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Oracle® Database Installation Guide
10g Release 1 (10.1) for UNIX Systems: AIX-Based Systems, hp HP-UX, hp Tru64 UNIX, Linux, and Solaris Operating System
Part No. B10811-05
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B Installing and Configuring Oracle Products Using Response Files

This chapter describes how to install and configure Oracle products using response files. It includes information about the following topics:

Introduction

You can automate the installation and configuration of Oracle software, either fully or partially, by specifying a response file when you start the Oracle Universal Installer. The Installer uses the values contained in the response file to provide answers to some or all of the Installer prompts:

The following table describes several reasons why you might want to run the Installer in silent mode or suppressed mode:

Mode Uses
Silent Use silent mode if you want to:
  • Complete an unattended installation, which you might schedule using operating system utilities such as at

  • Complete several similar installations on multiple systems without user interaction

  • Install the software on a system that does not have X Window System software installed on it

The Installer displays progress information in the terminal that you used to start it, but it does not display any of the Installer screens.

Suppressed Use suppressed mode if you want to complete similar Oracle software installations on more than one system, providing default answers to some, but not all of the Installer prompts.

If you do not specify information required for a particular Installer screen in the response file, the Installer displays that screen. It suppresses screens for which you have provided all of the required information.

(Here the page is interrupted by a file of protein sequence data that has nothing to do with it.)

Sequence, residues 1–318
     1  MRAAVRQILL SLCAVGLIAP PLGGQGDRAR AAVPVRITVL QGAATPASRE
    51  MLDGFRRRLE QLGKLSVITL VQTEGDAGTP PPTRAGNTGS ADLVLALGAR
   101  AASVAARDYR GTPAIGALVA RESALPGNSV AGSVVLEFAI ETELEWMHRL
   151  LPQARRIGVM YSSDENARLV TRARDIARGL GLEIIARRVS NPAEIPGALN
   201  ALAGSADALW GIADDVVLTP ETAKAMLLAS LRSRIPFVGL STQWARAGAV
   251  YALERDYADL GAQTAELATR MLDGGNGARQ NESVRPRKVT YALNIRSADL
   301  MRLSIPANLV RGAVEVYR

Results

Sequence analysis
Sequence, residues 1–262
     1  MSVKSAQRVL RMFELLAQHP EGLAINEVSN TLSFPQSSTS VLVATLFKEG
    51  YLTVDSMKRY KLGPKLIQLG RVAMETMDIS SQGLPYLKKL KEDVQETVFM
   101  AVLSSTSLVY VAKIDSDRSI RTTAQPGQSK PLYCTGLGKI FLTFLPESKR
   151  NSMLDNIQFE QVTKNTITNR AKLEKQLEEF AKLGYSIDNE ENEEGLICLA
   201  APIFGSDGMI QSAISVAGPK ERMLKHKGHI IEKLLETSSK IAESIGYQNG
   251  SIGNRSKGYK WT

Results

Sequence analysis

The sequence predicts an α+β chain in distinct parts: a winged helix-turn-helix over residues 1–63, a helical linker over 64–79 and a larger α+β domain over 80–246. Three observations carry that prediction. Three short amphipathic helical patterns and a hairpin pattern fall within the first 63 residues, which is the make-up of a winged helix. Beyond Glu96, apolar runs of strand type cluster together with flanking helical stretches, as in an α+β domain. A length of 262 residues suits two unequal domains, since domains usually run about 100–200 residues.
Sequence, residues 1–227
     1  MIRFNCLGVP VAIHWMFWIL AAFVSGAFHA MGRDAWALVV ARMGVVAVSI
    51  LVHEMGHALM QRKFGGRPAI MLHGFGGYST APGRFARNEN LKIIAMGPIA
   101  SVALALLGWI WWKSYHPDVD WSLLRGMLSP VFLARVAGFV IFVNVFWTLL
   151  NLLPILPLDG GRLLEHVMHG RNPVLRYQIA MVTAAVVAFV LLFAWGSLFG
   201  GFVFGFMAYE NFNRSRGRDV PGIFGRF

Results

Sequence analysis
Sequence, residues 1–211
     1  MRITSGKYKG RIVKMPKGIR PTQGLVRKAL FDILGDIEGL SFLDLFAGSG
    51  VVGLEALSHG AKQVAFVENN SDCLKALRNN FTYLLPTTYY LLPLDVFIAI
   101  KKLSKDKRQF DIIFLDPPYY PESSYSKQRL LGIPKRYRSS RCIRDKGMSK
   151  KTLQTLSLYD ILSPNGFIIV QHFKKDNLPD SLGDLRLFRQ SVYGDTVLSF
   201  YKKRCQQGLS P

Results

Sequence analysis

Creating a Database Using ASM as the Storage Option for Database Files

Before you create a database that uses ASM, you must run the root.sh script. For this reason, you cannot create a database using ASM as the storage option for database files during a silent-mode installation. Instead, you can complete a software-only installation using silent-mode, then run the NetCA and DBCA configuration assistants in silent mode after you have completed the software-only installation and you have run the root.sh script.


Note:

This limitation applies only to databases that use ASM as the storage option for database files. You can create a database that uses the file system or raw devices storage option during a silent-mode installation.

Installation Overview

To install and configure Oracle products using the Installer in silent or suppressed mode, follow these steps:


Note:

You must complete all required pre-installation tasks on a system before running the Installer in silent or suppressed mode.

  1. Create the oraInst.loc file.

  2. Prepare a response file.

  3. Run the Installer in silent or suppressed mode.

  4. If you completed a software-only installation, run NetCA and DBCA in silent or non-interactive mode if required.

These steps are described in the following sections.

Create the oraInst.loc File

If you plan to install Oracle products using the Installer in silent or suppressed mode, you must manually create the oraInst.loc file if it does not already exist. This file specifies the location of the Oracle Inventory directory where the Installer creates the inventory of Oracle products installed on the system.


Note:

If Oracle software has been installed previously on the system, the oraInst.loc file might already exist. If the file does exist, you do not need to create a new file.

To create the oraInst.loc file, follow these steps:

  1. Switch user to root:

    $ su - root
    
    
  2. On HP-UX, Solaris, Tru64 UNIX, and zSeries Linux, create the /var/opt/oracle directory if it does not exist:

    # mkdir -p /var/opt/oracle
    
    
  3. Change directory as follows, depending on your operating system:

    • AIX, Linux x86, or Linux Itanium:

      # cd /etc
      
      
    • Other operating systems:

      # cd /var/opt/oracle
      
      
  4. Use a text editor to create the oraInst.loc file, containing the following lines: